Ubuntu touch netbooks by year end?
The Unity interface was designed from scratch for netbooks and has been available to developers and netbook OEMs since May. It eliminates lessor-used icons, rearranges the remaining ones and includes a new panel and application launcher that makes it easier to find preferred netbook apps like the browser.
When it comes to touch, Unity can be used in combination with Canonical's "libutouch" gesture libraries, which lets users perform complex tasks with strings of specific gestures. As Canonical VP Steve George explained it to me, I imagined a marriage between an iPad and an old fashioned Palm device. Remember how the Palm translated certain stylus gestures into letters or commands? The gesture libraries let developers get as complex as that, without the stylus.
"If you have a touch supported device, and can launch applications using touch mode, you can maximize applications using three fingers, or developers can use a set of gesture libraries to bring in sophisticated use of gesture. A set of touches that will bring up a screen which is your home screen, or gestures that access common documents," he described.
As for when Ubuntu touch netbooks will be on the market? George said he'd have specific announcements about that "later this year." We all know that if device makers don't hit the holiday season, they are only hurting themselves. Hence, I predict that we'll have at least some prototypes to gaze at before then.
I'm hoping that those announcements will include a new device based on the new Ubuntu Light edition, too. This too was made available to device OEMs in May. It is intended to build netbooks and PCs that dual-boot between Windows and Ubuntu. Ubuntu Light is all about speed. Canonical promises that it will load, launch a browser and connect to the Web in under 10 seconds. It includes less features than the full-blown Ubuntu, too: chat, IM, browser and a media player.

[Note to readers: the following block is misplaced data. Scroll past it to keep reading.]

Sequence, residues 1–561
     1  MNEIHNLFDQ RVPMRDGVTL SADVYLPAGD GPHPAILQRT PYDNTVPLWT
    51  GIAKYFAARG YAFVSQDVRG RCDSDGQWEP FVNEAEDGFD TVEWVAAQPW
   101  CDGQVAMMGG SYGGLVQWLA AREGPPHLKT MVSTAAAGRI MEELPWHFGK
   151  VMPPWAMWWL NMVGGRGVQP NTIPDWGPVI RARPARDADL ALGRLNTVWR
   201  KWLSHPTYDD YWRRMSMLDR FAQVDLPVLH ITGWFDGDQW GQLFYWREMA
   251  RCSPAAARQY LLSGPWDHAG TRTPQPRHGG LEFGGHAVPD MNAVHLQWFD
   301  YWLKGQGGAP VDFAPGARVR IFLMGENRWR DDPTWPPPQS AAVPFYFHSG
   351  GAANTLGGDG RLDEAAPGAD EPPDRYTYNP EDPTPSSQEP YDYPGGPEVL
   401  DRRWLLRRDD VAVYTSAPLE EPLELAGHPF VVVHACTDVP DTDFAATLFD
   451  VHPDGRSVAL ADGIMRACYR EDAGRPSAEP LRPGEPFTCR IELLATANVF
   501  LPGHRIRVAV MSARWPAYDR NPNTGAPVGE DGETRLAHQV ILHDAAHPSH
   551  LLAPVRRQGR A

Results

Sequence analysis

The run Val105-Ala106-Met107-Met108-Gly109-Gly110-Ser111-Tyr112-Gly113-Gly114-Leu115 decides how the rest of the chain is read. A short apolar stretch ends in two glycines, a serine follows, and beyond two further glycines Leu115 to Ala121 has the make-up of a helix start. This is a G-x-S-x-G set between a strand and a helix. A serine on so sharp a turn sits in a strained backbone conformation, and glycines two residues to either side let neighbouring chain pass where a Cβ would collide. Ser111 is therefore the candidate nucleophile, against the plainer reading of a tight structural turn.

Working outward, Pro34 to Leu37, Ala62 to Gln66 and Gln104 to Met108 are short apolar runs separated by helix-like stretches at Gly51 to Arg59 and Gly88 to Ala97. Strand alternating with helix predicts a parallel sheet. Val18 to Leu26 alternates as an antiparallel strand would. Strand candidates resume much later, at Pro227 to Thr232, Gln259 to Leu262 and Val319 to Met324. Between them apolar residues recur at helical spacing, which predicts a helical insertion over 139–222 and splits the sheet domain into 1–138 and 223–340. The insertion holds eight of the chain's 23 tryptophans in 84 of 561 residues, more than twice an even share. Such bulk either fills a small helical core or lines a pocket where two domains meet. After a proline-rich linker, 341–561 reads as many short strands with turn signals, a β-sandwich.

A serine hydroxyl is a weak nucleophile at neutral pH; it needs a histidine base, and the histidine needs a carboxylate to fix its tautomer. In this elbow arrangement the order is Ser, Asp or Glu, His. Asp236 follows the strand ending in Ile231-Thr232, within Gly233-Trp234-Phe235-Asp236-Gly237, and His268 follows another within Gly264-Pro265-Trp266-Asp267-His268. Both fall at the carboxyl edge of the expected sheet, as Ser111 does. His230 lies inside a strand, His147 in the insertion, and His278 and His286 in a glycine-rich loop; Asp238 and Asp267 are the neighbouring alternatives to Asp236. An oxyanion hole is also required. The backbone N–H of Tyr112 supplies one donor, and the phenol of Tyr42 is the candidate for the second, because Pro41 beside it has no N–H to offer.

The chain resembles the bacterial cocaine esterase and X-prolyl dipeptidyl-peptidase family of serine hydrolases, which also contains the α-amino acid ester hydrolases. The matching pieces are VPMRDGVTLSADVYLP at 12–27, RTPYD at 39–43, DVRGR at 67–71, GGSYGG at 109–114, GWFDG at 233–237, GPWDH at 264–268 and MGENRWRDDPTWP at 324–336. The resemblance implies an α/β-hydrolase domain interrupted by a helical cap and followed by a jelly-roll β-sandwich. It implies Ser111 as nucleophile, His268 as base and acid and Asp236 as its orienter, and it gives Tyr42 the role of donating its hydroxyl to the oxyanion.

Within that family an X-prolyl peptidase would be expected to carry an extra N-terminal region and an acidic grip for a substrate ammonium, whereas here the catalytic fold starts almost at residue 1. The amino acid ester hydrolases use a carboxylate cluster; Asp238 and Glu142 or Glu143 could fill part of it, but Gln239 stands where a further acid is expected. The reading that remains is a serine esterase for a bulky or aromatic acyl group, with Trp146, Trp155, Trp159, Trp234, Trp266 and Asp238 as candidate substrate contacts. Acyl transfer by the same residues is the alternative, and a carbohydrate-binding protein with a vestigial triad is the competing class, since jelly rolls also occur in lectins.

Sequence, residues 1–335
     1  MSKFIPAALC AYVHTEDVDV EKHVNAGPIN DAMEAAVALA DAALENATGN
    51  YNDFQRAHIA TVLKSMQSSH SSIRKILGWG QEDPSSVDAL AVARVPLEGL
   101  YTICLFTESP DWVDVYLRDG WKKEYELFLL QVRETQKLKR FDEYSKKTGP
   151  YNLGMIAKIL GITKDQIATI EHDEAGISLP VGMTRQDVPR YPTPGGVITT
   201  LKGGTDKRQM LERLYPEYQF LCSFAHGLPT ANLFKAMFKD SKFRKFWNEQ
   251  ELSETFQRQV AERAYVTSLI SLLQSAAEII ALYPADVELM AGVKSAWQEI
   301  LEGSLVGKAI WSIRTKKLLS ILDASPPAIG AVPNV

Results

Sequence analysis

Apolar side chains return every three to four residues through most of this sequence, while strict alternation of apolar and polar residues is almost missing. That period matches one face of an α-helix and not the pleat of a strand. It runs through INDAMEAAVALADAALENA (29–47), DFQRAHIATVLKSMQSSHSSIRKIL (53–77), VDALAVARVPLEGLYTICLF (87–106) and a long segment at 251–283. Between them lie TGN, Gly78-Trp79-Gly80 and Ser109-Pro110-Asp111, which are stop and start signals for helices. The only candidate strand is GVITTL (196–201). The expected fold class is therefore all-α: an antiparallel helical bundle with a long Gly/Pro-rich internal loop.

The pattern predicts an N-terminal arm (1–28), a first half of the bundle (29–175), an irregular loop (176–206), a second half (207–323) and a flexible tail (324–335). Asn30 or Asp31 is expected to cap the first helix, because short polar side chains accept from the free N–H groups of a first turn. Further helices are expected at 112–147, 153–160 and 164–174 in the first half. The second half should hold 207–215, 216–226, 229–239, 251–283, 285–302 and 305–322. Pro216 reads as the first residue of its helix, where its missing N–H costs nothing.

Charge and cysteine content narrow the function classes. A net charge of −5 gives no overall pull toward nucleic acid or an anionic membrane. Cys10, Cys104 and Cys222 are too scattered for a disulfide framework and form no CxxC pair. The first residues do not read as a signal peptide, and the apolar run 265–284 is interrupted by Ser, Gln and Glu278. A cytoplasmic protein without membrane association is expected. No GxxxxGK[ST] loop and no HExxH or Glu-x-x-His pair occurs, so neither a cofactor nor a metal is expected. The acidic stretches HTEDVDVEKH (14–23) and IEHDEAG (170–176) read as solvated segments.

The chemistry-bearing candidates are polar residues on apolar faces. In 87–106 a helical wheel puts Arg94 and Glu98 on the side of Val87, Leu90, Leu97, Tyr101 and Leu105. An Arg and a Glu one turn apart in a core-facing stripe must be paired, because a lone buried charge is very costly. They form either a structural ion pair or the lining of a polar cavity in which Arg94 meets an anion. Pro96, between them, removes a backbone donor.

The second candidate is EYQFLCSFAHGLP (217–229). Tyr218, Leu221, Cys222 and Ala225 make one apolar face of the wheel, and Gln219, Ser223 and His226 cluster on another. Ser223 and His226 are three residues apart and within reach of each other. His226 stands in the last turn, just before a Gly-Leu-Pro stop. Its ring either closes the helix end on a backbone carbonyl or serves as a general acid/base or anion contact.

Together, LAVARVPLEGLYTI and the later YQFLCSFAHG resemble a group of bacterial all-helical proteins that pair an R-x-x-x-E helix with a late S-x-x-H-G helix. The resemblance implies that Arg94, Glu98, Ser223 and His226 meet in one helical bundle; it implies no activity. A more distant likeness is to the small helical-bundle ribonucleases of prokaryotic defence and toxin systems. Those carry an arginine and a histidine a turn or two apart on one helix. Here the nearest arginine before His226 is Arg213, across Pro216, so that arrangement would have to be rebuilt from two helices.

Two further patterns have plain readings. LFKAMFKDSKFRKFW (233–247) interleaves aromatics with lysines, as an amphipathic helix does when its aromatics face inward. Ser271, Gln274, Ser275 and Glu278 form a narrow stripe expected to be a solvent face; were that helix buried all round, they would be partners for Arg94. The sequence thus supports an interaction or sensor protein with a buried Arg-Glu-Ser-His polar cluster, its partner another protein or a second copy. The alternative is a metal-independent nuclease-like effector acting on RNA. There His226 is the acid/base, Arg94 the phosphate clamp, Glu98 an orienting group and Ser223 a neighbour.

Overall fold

Canonical has been taking heat for months over how little it contributes back to the open source software projects it most relies on, including the Linux kernel and the desktop interface, GNOME. At the annual GNOME conference in July, GNOME's Dave Neary released research on who contributed most. Canonical, perhaps the most popular Linux desktop distribution for consumers, contributed a scanty 1.03 percent.
So I asked George about the uproar. He told me that Canonical doesn't view its main job as writing the foundational software, but in taking what's written and making it more usable for the Average Joe and Average Josephine.
"We focus on polishing up and improving," he said. "It might be small things but they prevent people from coming on board [to the] Linux desktop. We work on usability and applications and content all trying to make it so it can be used by a general set of users. That’s not to say we don’t contribute to open source on a more general basis, not as much on the kernel but we are oriented on other pieces on the stack."
With that in mind, I'd say any soon-to-be-announced Ubuntu touch netbooks could very well be things of beauty to behold and touch.